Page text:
In this technique, evaporable materials are used (arsenic and gallium for example). These are placed in micro-ovens (evaporating units) which are heated electrically. The evaporating units have a relatively large opening arranged in such a way that the molecular jet is directed towards a target (an epitaxial substrate for example) while the complete assembly comprises a vacuum enclosure (residual pressure of 10-10 to 10-6 Torr). The regulation of the molecular fluxes coming from the various units is very important because their ratio has a determining influence on the composition of the deposit which forms on the target surface when the adhesion coefficient of the evaporated material is taken into account. In particular the stoechiometry at the epitaxial growth interface plays a vital role in the performance of the semiconductor devices obtained. However, the classical system for regulating the molecular flux consists in enslaving the temperature of each micro-oven to a predetermined value and comparing this value with the value obtained with a thermocouple. The servo-control loop is closed by the control organ of an electric power supply source which is applied to the heater resistor in each micro-oven. This regulation system has various drawbacks:

(A) LACK OF REPRODUCIBILITY AS FAR AS THE MOLECULAR FLUX CORRESPONDING TO A GIVEN TEMPERATURE IN THE MICRO-OVEN IS CONCERNED; LARGE DEVIATIONS ARE OBTAINED, FOR THE SAME TEMPERATURE, BETWEEN TWO IDENTICAL UNITS DURING THE EVAPORATION OF A MATERIAL, WHICH IS PLACED IN SOME QUANTITY IN THE MICRO-OVEN;

(B) DIFFICULTY IN ADJUSTMENT DUE TO THE SYSTEM INERTIA; THERE IS FAR TOO BIG A DELAY BETWEEN THE RECORDING OF A TEMPERATURE AND THE RESPONSE IN MOLECULAR FLUX;

(C) THERE IS NO POSSIBILITY OF ADJUSTING THE TWO FLUXES ONE WITH RESPECT TO THE OTHER.

Finally, in the case of gallium arsenide, the arsenic vapours attack the thermocouple sleeve and cause damage.

The invention aims to correct these disadvantages.

According to the invention, there is provided a system for regulating molecular flux, including a vacuum enclosure, units for evaporating a molecular jet turned towards a sample-holder intended to receive an epitaxy substrate, and a gas analyzer using mass spectrometry intended to supply an electric signal measuring the content of said flux in a given molecular type, said system comprising at least one servo-control loop which includes electronic means that enable an error signal to be produced by comparison of said signal with predetermined value of said flux to be controled as a function of said error signal.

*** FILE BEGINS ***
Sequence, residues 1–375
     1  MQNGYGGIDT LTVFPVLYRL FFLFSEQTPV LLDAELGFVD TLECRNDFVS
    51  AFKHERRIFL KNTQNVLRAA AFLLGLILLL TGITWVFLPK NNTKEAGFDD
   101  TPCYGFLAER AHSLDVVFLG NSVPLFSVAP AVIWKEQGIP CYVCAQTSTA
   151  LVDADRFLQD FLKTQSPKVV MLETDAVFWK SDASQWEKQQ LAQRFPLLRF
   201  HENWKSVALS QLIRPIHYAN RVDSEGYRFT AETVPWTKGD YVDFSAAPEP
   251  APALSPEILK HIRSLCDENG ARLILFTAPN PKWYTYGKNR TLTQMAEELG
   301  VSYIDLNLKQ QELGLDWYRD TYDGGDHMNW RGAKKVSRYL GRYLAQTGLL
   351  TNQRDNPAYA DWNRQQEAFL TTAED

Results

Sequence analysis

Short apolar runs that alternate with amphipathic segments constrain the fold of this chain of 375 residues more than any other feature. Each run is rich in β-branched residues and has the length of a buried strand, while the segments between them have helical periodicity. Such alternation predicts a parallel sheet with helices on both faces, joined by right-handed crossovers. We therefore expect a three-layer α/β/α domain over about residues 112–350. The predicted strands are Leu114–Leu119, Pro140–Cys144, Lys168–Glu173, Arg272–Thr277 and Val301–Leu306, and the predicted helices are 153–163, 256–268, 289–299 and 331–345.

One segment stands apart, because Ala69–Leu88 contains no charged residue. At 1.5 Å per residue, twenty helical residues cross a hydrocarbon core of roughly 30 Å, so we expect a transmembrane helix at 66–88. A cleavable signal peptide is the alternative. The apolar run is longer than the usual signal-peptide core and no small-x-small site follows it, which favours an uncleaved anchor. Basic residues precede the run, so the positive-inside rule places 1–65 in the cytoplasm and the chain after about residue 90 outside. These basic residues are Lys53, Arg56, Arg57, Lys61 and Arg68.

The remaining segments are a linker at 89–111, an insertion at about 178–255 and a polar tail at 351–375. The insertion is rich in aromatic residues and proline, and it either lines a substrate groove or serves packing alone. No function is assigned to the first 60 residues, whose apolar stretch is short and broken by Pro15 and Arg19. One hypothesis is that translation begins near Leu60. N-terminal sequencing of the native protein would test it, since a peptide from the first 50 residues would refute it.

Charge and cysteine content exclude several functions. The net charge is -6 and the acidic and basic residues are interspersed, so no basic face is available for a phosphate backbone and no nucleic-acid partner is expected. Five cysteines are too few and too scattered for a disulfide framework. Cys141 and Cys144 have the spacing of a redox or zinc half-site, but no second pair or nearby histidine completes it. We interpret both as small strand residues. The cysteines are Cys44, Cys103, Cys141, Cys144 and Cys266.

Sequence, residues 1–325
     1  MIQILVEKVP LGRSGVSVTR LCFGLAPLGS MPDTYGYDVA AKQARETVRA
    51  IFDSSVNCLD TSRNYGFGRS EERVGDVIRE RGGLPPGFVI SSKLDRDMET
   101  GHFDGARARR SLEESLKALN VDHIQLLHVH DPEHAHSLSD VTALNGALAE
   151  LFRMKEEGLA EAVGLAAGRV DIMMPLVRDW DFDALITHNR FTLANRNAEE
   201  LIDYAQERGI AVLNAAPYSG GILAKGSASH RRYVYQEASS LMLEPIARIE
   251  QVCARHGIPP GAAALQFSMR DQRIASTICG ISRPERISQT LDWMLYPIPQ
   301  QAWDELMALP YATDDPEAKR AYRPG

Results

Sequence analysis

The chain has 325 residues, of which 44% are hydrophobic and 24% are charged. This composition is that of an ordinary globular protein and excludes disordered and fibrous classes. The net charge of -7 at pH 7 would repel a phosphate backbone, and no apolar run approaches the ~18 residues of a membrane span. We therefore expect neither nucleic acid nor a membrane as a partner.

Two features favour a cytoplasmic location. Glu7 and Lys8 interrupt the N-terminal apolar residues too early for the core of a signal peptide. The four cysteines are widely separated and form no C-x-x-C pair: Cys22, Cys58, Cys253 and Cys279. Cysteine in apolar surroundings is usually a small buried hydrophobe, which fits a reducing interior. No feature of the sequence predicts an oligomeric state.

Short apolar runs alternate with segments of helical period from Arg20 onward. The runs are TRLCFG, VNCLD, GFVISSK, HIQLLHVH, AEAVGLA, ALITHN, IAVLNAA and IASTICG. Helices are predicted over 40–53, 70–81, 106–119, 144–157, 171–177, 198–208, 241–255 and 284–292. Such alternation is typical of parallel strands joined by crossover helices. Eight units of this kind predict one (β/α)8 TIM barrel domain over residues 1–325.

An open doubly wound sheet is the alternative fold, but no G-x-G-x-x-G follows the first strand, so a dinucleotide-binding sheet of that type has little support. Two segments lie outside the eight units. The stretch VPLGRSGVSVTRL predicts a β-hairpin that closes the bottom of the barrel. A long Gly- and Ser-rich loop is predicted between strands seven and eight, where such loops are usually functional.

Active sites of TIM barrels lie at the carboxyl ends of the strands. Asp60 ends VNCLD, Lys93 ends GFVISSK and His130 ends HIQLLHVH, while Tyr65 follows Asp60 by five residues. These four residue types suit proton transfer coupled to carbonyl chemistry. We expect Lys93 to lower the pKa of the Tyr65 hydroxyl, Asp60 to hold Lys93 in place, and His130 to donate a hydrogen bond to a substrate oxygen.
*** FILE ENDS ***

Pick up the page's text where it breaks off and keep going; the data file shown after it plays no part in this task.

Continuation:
The invention will be better understood and other characteristics will appear from the description which follows and the drawings accompanying it. Among the latter:

FIG. 1 shows schematically an example of an embodiment of the system in accordance with the invention in the case in which the servo-control loops are independant for the various types of molecules;

FIG. 2 shows schematically an example of an embodiment of the system in accordance with the invention in the case in which the servo-control loops are not independant.

In the first example of production (FIG. 1), an installation for epitaxy by molecular jets is shown schematically. It contains a very low pressure enclosure 1, represented symbolically by a rectangle of dashes. None of the apparatuses intended to produce the vacuum properly speaking (primary and secondary pumps, possible liquid nitrogen traps and titanium sublimation devices) has been shown any more than the valve-airlock device which enables the sample to be processed to be changed while the rest of the enclosure is kept at the very low pressure.

A certain number of evaporation units (micro-ovens) are installed in such a way that their molecular fluxes converge to the same point on the ZZ axis of the vacuum chamber. In the example chosen, three units, 11, 12 and 13, of the type with a large opening, have their axes along three directions D1, D2 and D3 that converge on a sample-holder 2.